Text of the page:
Parallelizing the full compaction of CMS

Volker Simonis volker.simonis at gmail.com
Mon Jun 8 17:49:19 UTC 2015


Hi John,

that's exactly what I wanted to say.

Thanks,
Volker


On Mon, Jun 8, 2015 at 5:58 PM, Jon Masamitsu <jon.masamitsu at oracle.com> wrote:
>
>
> On 6/8/2015 3:04 AM, Volker Simonis wrote:
>>
>> Hi John, Jeremy,
>>
>> @John: sorry, but I don't see what's the big problem behind "supported
>> and maintained by the community". We already have quite some code in
>> the HotSpot which is developed and maintained that way. Take for
>> example the C++-Interpreter. It has not been used and supported by
>> Sun/Oracle since 1.4 where it was used for the Itanium port.
>> Nevertheless it is quite useful for HotSpot ports to new platforms. We
>> at SAP used it for our intitial PowerPC port for example. And of
>> course we supported it. This includes both fixes as well as the
>> implementation of new features (e.g. supports for JSR 292). Another
>> user of the C++-interpreter is the Zero-port which is supported mainly
>> by RedHat. Again, Oracle does neither build nor test the Zero-port.
>> This is all done by RedHat. But it is still a crucial part of the
>> OpenJDK for platforms like Linux on zArch, MIPS, Itanium,....
>>
>> Then we (i.e. SAP and IBM) have our ports (Linux/PPC64, AIX) and
>> RedHat have their AArch64 port. Neither of them is supported by Oracle
>> but all of them are pretty well supported by their maintainers. We
>> have our own platform  categories in the bug system, our OpenJDK
>> mailing lists. We do nightly builds and tests and we take all this
>> pretty seriously. And that all imposes nearly zero overhead on Oracle
>> but rather helps to strengthen the VM on all platforms (e.g. we
>> contributed quite some GC-fixes which only showed up on a weak memory
>> architecture like Power or helped to clean up the code because we use
>> different compiler on other platforms).
>>
>> I don't think it is appropriate for an Open Source project to reject a
>> new feature just because one of the maintainers doesn't want it. And
>> the OpenJDK is an OpenSource project with a distinct development model
>> as specified in the OpenJDK bylaws (http://openjdk.java.net/bylaws).
>> But I don't want to go on collision course. Until now the cooperation
>> between the various contributors in the OpenJDK has always worked
>> quite well. And if a feature can really be hidden behind a flag
>> without impacting the other configurations that's great. Of course
>> Oracle would not have to maintain or even test it (there already exist
>> a myriad of unsupported configurations today :). And I think it is
>> self-evident that contributors feel responsible for bugs in their code
>> and fix them (as we already do today). So the only commitment on
>> Oracle part would be to help with the initial review process which I'd
>> consider acceptable.
>
>
> Volker,
>
> What I think you're saying is that there have been contributions
> that are not supported by Oracle and have no cost for Oracle.
> And that this parallel full compaction for CMS would be another.
>
> If a bug is reported where parallel full compaction with CMS is turned on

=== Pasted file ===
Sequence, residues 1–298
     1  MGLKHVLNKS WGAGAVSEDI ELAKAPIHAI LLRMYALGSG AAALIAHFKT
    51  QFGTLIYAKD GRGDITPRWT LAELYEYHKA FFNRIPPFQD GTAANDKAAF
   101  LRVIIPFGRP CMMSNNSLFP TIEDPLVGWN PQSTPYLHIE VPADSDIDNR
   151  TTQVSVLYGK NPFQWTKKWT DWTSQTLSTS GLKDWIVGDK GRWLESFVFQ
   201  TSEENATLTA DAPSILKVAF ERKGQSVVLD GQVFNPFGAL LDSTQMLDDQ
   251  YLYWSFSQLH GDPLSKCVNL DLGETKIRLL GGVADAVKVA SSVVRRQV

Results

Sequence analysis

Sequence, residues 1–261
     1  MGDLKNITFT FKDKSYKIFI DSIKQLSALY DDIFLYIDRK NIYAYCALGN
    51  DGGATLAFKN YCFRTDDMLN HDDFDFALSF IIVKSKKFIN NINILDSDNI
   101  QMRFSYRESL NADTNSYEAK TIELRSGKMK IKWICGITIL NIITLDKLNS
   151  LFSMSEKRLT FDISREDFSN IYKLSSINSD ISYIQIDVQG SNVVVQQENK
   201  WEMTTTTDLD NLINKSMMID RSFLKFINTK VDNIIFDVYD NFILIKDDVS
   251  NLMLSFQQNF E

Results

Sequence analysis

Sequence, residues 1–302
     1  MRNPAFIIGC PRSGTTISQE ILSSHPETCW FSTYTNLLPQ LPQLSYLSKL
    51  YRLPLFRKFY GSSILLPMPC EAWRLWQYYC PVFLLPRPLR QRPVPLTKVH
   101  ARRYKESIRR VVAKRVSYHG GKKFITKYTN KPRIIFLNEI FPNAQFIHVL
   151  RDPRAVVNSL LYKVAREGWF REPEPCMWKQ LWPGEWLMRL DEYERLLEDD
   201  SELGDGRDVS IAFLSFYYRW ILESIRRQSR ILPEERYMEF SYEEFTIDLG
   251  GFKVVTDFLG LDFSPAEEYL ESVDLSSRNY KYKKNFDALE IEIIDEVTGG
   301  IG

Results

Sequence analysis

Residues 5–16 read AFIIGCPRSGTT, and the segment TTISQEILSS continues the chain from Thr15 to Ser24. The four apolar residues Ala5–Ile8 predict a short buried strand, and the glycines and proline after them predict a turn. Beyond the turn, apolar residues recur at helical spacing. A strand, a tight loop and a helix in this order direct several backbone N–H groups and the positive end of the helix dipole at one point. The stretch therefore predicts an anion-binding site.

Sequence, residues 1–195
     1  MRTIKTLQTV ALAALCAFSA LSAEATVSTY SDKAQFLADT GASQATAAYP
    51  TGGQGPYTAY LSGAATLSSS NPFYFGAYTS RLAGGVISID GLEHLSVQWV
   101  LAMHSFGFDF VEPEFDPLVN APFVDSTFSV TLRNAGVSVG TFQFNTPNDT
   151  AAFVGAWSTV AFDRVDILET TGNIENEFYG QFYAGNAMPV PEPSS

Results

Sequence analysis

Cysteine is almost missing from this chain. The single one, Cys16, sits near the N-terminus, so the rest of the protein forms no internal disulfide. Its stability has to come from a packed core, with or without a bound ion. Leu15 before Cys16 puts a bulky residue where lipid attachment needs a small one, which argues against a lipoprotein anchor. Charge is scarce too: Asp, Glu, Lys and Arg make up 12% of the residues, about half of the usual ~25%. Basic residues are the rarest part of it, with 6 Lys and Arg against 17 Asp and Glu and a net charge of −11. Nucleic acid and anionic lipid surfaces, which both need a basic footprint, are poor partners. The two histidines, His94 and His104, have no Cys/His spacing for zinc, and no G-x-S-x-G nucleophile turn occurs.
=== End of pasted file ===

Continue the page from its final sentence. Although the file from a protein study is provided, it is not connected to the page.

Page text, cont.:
> and Oracle is not expected to look at the bug, then I have no problem with
> the integration of such a change after the usual code review.   And as you
> say, there is no need for Oracle to test with it turned on.   As you note
> I'm only one maintainer.   Oracle may have other opinions.
>
> Jon
>
>
>>
>>   @Jeremy: could you please post some code so we can see what we're
>> really talking about here. It seems that until now nobody ever saw
>> these changes. And maybe it helps if several parties are trying
>> jointly to 'convince' the maintainer to consider a patch :)
>>
>> Regards,
>> Volker
>>
>>
>> On Fri, Jun 5, 2015 at 5:56 PM, Jon Masamitsu <jon.masamitsu at oracle.com>
>> wrote:
>>>
>>>
>>> On 6/3/2015 1:00 PM, Jeremy Manson wrote:
>>>
>>> I'm not on hotspot-gc-dev, so I'm not seeing the responses.  But I looked
>>> online...
>>>
>>> Jon says that "My understanding was that the change was based on a
>>> parallelization of the serial mark-sweep-compact (used by CMS for full
>>> collections). If it was based on the parallel-old compaction used by
>>> ParallelGC, then my bad.  It should have been reviewed."
>>>
>>> His original understanding was correct - we parallelized the serial
>>> mark-sweep-compact used by CMS.  I'm sorry if I misled anyone there.
>>>
>>>
>>> No problem.  It gave me a chance to say again that
>>> I'd rather not have to support two implementations of
>>> a parallel full stop-the-world collector.  We have that
>>> issue with the two implementations of a parallel young
>>> collector and I'd really rather not go there again.
>>>
>>>
>>> Otherwise, thanks for your thoughtful reply, Volker.  In my experience of
>>> open source projects, if you can't get a maintainer to agree to consider
>>> your patch, then there is really very little that you can do.  And I
>>> totally
>>> get that maintainers don't want / have the time for the burden of
>>> understanding huge amounts of complicated code they didn't write!
>>>
>>> So, the question comes down to what "community supported" means in this
>>> case.  We can't actually submit anything to Hotspot without approval from
>>> someone within Oracle.  We have a vested interest in keeping this patch
>>> working, but, for major JDK releases, we really only start stress testing
>>> to
>>> identify problems with it when we upgrade to the latest versions of the
>>> JDK,
>>> which usually happens some months after Oracle releases it.  That could
>>> cause some issues for upstream.
>>>
>>> The upside is that I think we'd be willing to do what it takes, if
>>> getting
>>> it upstreamed is a possibility.  This patch is a huge nuisance, and it is
>>> much simpler not to have to do a week or two's worth of forward porting
>>> every year.  And whatever problems arise are problems that we have to fix